Will Amazon Go Global to Challenge Netflix?
Bezos might be ready to expand his video streaming service worldwide in what could be the biggest challenge to its larger, more geographically diverse rival.
Did Jeremy Clarkson, former host of the BBC hit Top Gear, inadvertently divulge what Jeff Bezos has planned for his Amazon Prime streaming service?
"Amazon has gone global," Clarkson tweeted Nov. 16 before the launch of his new motoring series The Grand Tour, which he co-hosts with James May and Richard Hammond. In a video, the trio said the Amazon show would be available in more than 200 countries. The comments sparked industry buzz that Clarkson may know something CEO Bezos hasn't revealed — namely that it will expand its video service globally to challenge Netflix.
Amazon has declined to confirm global aspirations, but some believe it's inevitable for a company whose e-commerce service is in fewer than 20 countries and whose streaming video offering operates only in the U.S., U.K., Japan, Germany and Austria. There have been some expansion signs: The video service had a Nov. 17 soft launch in Australia, there's whispers of a Canadian move by December, and execs have pledged to expand to India in what likely will become a key battleground against Netflix. Amazon has secured digital rights for homegrown content in India aggressively, "much more so than Netflix," says Jefferies analyst John Janedis, and that "could lead to Netflix increasing investment in local content."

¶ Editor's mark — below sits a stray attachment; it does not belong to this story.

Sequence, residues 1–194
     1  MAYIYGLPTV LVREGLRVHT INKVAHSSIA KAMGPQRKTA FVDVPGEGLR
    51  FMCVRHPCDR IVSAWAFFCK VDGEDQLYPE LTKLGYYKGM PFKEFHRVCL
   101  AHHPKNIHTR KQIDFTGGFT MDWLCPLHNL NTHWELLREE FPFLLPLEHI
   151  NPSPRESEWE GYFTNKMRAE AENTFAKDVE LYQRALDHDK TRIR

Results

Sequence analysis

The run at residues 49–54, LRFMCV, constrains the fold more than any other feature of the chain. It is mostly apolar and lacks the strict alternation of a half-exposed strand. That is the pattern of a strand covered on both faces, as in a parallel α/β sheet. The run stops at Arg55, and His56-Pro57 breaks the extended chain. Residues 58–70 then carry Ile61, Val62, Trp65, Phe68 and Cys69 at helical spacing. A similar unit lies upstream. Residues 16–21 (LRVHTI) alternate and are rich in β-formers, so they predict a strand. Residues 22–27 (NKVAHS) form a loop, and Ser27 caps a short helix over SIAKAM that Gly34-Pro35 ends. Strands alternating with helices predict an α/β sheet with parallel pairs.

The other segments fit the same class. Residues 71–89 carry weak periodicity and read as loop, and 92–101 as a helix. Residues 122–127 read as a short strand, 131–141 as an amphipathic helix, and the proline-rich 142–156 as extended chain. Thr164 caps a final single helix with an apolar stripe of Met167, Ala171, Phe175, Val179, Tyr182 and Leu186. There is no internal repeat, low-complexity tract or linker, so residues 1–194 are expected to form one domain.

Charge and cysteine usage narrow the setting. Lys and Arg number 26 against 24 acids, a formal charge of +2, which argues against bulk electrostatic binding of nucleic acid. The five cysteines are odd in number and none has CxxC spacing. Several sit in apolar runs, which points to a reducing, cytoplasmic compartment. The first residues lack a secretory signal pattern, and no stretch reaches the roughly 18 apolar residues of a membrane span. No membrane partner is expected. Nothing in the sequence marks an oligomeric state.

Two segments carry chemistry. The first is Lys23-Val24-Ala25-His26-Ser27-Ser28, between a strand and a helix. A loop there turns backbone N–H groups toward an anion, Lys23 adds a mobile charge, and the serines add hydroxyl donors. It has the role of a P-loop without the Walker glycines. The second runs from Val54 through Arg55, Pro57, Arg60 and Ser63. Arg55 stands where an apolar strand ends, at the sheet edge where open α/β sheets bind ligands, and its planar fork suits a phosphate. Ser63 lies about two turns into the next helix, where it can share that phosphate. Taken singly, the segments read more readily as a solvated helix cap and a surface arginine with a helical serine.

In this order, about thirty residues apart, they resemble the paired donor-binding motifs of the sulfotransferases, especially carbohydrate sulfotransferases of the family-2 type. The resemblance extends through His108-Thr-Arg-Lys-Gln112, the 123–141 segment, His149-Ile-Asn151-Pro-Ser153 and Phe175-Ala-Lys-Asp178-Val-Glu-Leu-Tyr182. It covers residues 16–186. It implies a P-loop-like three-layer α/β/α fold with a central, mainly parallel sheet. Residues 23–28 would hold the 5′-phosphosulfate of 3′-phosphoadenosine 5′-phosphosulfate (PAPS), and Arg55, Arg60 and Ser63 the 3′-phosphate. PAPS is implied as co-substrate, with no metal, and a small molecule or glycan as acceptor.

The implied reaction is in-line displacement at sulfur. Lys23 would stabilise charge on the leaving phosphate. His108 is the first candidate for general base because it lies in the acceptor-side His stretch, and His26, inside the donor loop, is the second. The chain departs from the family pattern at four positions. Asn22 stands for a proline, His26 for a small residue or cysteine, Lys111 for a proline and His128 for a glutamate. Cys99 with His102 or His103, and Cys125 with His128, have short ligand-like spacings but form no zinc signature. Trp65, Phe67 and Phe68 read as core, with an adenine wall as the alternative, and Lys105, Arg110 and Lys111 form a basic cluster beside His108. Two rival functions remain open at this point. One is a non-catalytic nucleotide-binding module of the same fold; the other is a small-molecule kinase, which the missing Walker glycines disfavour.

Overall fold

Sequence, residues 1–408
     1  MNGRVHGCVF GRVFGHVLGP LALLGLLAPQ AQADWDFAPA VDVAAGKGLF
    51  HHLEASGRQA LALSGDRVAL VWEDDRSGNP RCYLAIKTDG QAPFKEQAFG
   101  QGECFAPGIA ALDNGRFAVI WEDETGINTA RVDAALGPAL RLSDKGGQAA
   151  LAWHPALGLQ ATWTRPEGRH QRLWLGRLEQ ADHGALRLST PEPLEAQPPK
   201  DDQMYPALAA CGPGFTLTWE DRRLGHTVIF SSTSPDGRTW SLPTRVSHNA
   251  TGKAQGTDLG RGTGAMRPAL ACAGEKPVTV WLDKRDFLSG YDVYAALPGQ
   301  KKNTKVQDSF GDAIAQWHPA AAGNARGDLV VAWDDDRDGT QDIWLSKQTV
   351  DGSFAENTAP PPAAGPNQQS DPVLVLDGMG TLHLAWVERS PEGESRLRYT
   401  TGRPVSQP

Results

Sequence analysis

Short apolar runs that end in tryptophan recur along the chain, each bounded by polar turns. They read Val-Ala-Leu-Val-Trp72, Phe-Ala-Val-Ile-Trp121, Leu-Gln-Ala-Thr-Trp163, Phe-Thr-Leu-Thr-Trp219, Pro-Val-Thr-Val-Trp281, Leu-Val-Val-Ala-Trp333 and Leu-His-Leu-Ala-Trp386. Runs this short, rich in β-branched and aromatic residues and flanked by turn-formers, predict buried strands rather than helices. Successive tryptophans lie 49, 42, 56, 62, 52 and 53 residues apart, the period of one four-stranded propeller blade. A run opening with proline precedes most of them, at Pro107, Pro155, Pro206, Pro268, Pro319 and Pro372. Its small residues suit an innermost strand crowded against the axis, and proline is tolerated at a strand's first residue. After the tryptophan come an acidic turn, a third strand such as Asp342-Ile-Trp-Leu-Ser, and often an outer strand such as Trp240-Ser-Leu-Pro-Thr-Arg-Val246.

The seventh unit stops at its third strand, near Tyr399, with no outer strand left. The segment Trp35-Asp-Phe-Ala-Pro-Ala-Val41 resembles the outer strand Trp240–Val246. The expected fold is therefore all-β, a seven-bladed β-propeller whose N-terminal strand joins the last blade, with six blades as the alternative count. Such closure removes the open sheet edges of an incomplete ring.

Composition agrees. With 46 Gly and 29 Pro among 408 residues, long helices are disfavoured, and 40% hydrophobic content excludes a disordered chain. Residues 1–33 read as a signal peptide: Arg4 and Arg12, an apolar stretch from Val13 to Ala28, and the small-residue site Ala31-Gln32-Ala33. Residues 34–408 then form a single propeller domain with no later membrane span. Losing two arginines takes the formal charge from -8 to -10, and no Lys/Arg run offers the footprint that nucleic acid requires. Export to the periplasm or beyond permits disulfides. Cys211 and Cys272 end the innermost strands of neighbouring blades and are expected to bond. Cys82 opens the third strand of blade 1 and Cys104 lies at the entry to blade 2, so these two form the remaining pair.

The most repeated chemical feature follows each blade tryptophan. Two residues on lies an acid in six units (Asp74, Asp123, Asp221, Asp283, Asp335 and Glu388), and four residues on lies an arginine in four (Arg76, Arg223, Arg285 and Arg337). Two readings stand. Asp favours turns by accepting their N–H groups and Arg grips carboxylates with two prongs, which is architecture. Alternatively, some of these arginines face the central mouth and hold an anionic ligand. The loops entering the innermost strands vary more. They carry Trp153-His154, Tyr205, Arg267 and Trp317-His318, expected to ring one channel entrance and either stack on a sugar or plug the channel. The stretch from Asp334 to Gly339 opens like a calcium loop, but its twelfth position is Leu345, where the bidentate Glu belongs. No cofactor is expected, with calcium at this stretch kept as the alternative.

If Amazon does take its video service global, it would boost content costs by $1 billion to $2 billion in 2017, say analysts, bringing it in line with Netflix's planned $6 billion spend next year. Amazon would have to battle to catch up. In 2016, Netflix launched in more than 130 international markets to take its video offerings nearly global, excluding China, North Korea, Syria and the Crimea. It now has 86.7 million global subscribers. (Amazon had 63 million Prime subscribers in the U.S. alone in June, according to Consumer Intelligence Research Partners, but the company doesn't reveal how many of those users, most of whom subscribe for free shipping and discounts, watch such Amazon shows as Transparent.) Other competitors include HBO, which has streaming services in such countries as Spain, Argentina and Brazil.
Wedbush Securities analyst Michael Pachter says Amazon won't necessarily need to launch platforms to expand. "I don't think this is a precursor to competing globally with Netflix," he says, adding Amazon might opt to cobble together third-party agreements to distribute Grand Tour (which is said to have cost about $250 million for three seasons). Then the streamer could duplicate that strategy with other originals.
Either way, the idea that Amazon is eyeing the world doesn't bode well for Netflix. Janedis says an escalated war between the two will "ultimately slow Netflix's global subscriber growth."
This story first appeared in the Dec. 9 issue of The Hollywood Reporter magazine. To receive the magazine, click here to subscribe.